Transpose bitwise x:y matrix (x!=y)

I need to transpose x[] to y[] inside a kernel.
typedef and dimension of both arrays differ (but product is identical).

uint16_t x[32] = { 0 };
uint32_t y[16] = { 0 };
for (i = 0; i < 16; i++) {
	for (int j = 0; j < 32; j++) {
			y[i] |= (uint32_t) ((x[j] >> (15 - i)) & 0x1) << j;
	}
}

x:  16         0
00  0xxx....xxxx
	1xxx....xxxx
	............
32  xxxxxxxxxxxx
	
y:  32         0
00  xxxx....3210
	xxxx....xxxx
	............
16  xxxxxxxxxxxx

My code above is not very efficient. There are solutions like this here, but that’s square matrix single array.

Are there are specific GPU PTX/SASS commands which I can use to optimize my matrix? It doesn’t need to be a C solution. Assembler is fine.

Treat x and y as each being made up of two 16 x 16 bit matrices, then you can apply any of the conventional square transpose algorithms.

The book “Hackers Delight” by Henry Warren has a number of solutions, including the swapping method outlined in your link.

Later:

Not really. Cuda is somewhat light on byte oriented instructions, let alone dealing at the bit level. That said, if you are able to read the above mentioned book, you’ll find that Cuda’s LOP3 instruction soaks up a decent quantity of conventional 2 operand logic instructions and the SHF instruction, accessed via __funnelshift_r or __funnelshift_l produces a decent result for 32 x 32 bit transposes, as outlined.

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Many thanks for the hint about Hackers Delight. Looks like what I’m looking for. Unfortunately I didn’t find any online excerpts from the book (2nd edition). I’ll keep on looking …

Regarding the matrix issue in OP - I did what you suggested. Even with the split in two 16:16 matrices, two transpose calls, and the merge back to one matrix, made the code 15% faster than my code in OP. I didn’t expect such a speed increase. Many thanks!

This brings up the question, why my code in OP was so slow?

I may have given a wrong impression, that the book offers Cuda solutions, which it doesn’t. What I meant was that the C code implementations outlined, when compiled to SASS, result in much reduced instruction counts, due to LOP3.

The book takes the swapping method one step further in efficiency, by simplifying the swap function, (which halves the instruction count of the swap), and adding rotate instructions - hence the reference to SHF, which can be used for 32 bit rotates if both input operands are the same.

Explaining and showing the code for the above is probably a bit much for the forum, but if you’re doing much “bit twiddling” or similar optimization work, that book is well worth obtaining if possible.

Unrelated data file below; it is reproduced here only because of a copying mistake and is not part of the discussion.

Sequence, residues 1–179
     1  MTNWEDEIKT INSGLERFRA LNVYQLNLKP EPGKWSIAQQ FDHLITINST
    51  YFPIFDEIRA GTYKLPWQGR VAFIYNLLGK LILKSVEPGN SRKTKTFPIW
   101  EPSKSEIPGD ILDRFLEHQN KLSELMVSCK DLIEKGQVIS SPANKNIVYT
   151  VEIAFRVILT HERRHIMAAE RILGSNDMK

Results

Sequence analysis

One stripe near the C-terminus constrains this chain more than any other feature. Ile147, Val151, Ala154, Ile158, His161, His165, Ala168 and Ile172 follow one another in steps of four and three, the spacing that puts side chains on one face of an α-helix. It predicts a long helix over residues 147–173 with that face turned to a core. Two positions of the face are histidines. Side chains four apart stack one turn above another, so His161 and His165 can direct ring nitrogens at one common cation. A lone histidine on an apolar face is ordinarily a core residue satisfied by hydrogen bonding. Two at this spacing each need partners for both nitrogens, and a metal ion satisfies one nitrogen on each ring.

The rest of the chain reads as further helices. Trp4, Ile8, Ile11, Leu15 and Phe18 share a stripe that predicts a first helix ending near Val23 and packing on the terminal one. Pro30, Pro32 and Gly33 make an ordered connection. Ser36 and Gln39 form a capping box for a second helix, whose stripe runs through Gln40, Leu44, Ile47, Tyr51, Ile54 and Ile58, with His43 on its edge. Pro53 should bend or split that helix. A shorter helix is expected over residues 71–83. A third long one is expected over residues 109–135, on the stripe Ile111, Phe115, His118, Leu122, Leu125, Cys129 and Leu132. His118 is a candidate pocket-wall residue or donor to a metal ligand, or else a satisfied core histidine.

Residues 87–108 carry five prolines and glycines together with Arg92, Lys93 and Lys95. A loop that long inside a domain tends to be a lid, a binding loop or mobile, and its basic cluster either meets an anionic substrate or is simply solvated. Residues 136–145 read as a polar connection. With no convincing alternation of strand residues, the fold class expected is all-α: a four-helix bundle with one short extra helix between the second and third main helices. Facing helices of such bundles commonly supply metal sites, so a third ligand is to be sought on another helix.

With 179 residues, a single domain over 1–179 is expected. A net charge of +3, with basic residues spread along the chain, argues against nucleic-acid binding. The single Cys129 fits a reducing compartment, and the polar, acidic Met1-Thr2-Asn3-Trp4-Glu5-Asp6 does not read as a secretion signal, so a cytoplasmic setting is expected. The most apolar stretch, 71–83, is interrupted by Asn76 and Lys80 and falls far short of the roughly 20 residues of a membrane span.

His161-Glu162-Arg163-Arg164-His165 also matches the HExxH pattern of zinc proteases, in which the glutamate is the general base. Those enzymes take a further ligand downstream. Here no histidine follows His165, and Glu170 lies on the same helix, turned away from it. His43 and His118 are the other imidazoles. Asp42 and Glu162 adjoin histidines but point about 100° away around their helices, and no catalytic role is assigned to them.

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Before adding intrinsics for funnel shifts to the code, I would check whether the CUDA compiler recognizes common rotate source code idioms, because many compilers these days do, and the CUDA compiler is based on LLVM which is compiler infrastructure also used by other toolchains.

Anybody who regularly deals with bit-twiddling in their programming ought to acquire a copy of Hacker’s Delight. You would want to get the second (and final; the author passed away in 2018) edition from 2013.

The need to transpose a matrix may be indicative of an XY-problem. There is rarely a need to transpose matrices explicitly, instead the work can usually be incorporated into whatever operations involve the matrix later. That’s how the transposition modes for matrices in BLAS work, for example.

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To which I’d add they should then visit:

https://web.archive.org/web/20181130082110/http://hackersdelight.org/

to obtain the errata for the book. In fact the “rotate” transpose method mentioned above, which is only partially described in the book and no sample code, actually does have an error in the description, for the 2nd Edition.

In my case, transposition is being used in some bitsliced work - perhaps an exception.

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A rare case, obviously :-)

As always, these are just heuristics developed over decades of programming. Whenever someone asks “What is the fastest way to bulk copy data?” or “What is the fastest way to invert/transpose a matrix?” that is a red flag to me that prompts the counter question “Why would you want to do that?”

That does not mean that it is never a good idea to bulk copy data or invert/transpose matrices.

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Hackers Delight is ordered.
I’ll check my code again to see if/how I can omit the matrix transpose.
Thanks so far!

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